Do you recognise when you are being a leader at work? Do you recognise when you are being a manager?
Clarifying the distinctions between the two roles often arises when I’m working with workplace leaders. Especially with managers new to the role, or team leaders lower down in the organisation’s hierarchy who have not been privy to the discussions and decisions that they then have to make happen.
Manager or leader? Defining the differences is an early focus of management training courses. In reality, the two roles are closely integrated and whatever their title, a manager or team leader needs to be both. All of the time.
For that reason I suspect it’s worth revisiting the distinctions. ‘Leading’ is identified as one of the four roles of a manager: planning, organising, leading and controlling. A traditional definition of management is the planning, organising, leading and controlling of human and other resources to achieve organisational goals effectively and efficiently.
It’s fairly easy to identify what we do in planning, organising and controlling activities within our areas of responsibility. It’s also very easy to focus on these tasks, when they can be all-consuming of time and energy.
It’s far less easy define what we need to do to be a leader. And, just as importantly, how we can behave like a leader at all times – instead of just at staff meetings or in passing on announcements from the boss.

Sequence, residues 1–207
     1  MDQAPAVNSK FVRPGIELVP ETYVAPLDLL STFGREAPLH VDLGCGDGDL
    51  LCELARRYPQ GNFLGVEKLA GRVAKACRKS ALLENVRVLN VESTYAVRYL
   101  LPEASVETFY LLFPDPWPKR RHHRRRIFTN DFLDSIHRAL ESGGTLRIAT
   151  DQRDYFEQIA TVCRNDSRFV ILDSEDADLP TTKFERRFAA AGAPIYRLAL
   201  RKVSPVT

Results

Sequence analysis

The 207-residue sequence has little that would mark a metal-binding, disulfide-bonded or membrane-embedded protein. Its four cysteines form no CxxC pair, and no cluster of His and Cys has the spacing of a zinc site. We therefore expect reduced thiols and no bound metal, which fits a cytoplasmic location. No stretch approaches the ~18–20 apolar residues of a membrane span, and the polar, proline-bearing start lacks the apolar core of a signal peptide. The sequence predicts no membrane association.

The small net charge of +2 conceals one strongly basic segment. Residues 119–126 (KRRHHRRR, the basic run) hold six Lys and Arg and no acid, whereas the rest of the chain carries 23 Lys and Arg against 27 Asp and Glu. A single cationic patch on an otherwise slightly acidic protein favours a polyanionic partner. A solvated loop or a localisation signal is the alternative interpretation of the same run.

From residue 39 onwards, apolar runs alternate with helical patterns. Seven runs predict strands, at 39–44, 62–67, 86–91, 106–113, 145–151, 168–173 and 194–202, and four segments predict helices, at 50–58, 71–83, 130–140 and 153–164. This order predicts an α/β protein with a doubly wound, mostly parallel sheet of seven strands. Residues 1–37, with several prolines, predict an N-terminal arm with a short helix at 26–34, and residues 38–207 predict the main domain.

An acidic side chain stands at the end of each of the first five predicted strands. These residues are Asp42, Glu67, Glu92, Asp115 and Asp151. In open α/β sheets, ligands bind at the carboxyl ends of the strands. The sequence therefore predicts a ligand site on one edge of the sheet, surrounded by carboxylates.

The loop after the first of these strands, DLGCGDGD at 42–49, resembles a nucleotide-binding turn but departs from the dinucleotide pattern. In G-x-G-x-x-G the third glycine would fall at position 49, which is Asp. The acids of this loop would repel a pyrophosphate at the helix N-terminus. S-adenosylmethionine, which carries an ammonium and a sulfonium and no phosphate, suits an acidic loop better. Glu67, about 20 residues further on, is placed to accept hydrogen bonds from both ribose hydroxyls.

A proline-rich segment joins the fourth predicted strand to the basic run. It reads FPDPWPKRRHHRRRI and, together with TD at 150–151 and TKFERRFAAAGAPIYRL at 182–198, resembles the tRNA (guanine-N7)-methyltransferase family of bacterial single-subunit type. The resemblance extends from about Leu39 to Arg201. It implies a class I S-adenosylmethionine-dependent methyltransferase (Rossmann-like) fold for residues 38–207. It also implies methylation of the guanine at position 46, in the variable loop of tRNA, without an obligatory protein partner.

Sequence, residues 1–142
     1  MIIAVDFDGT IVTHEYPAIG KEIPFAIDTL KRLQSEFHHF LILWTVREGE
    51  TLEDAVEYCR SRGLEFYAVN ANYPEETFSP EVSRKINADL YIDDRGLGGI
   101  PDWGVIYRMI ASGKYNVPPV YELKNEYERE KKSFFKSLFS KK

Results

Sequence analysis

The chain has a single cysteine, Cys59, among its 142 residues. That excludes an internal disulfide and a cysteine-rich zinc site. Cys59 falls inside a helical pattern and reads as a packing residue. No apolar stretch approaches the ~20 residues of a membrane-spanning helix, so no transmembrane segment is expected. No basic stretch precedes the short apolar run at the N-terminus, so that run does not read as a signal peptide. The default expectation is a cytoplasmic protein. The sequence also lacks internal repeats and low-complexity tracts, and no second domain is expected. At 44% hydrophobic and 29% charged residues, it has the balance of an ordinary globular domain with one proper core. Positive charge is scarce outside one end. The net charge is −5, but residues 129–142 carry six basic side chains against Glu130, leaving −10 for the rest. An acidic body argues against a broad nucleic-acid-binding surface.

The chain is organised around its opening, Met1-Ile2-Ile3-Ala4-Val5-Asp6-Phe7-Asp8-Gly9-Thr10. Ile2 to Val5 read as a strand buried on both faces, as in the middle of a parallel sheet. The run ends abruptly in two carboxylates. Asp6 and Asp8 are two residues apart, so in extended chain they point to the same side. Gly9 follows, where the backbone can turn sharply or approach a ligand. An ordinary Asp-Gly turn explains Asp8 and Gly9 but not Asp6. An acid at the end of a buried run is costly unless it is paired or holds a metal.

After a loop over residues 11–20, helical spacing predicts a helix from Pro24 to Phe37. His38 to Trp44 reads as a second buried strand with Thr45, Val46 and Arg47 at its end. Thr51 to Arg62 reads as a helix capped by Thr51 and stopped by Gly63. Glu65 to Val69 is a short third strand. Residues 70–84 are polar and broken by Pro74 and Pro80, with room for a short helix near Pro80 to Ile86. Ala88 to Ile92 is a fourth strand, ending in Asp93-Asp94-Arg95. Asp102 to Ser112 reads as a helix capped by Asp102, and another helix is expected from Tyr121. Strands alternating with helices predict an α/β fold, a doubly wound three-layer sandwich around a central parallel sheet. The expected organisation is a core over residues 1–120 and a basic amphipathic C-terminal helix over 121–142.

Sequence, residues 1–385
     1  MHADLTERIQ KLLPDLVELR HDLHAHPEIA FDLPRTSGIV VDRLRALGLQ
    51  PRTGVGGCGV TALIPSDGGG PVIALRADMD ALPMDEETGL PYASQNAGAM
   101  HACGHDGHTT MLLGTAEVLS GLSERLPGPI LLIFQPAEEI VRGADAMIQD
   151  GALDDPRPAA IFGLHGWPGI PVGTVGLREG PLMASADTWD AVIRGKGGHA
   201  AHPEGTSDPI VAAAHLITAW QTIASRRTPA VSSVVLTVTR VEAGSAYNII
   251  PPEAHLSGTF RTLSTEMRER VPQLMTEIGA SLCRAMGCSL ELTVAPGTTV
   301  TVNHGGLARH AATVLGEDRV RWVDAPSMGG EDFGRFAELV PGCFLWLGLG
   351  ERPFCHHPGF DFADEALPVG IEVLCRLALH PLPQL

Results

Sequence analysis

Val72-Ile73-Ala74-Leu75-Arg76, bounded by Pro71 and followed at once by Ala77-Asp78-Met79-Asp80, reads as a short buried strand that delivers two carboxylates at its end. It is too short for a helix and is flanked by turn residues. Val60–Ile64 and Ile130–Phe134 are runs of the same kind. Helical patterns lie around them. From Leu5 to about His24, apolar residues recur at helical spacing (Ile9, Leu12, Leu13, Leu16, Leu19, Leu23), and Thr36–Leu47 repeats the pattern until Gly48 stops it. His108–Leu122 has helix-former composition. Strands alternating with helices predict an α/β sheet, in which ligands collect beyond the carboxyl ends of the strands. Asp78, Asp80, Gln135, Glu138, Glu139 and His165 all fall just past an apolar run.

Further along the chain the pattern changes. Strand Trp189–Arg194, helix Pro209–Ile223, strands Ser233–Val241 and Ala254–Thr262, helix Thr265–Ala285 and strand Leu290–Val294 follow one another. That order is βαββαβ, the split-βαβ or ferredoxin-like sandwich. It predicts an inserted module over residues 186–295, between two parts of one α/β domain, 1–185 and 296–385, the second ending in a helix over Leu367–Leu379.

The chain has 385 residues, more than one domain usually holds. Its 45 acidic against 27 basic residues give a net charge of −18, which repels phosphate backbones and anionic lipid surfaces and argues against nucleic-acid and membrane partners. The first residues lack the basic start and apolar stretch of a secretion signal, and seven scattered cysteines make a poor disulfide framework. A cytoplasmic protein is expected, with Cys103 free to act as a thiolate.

Consider these definitions of leadership:
Leadership is the capacity to translate vision into reality. Warren G. Bennis
The task of leadership is to create an alignment of strengths in ways that make a system’s weaknesses irrelevant. Peter Drucker
..leadership is not about pointing out what is wrong and how to fix it, but rather the ability to engage others in what is possible, and with an authentic voice, ask who will care. I believe we need a language of leadership that inspires hope and trust. Michael Silver
• Are you clear about the vision for your organisation?
• What does it mean for you? For your team?
• What do you do to convey that vision and make it a reality for your team?
• How do you bring out the strengths of your team members?
• What do you do now to engage your team? What more could you do?
• What does hope and trust mean for you?
These are questions worth exploring – in conversations with your coach, and in your leadership team meetings. It’s probably never too late to revisit the reasons for decisions made – clarifying assumptions, plugging holes in understanding, exploring different perspectives and building collaboration and trust in the group.
Finally, listen to what Simon Sinek says about leadership: You have to know why you do what you do. If you don’t know why… how will anyone else? You have to have clarity of why.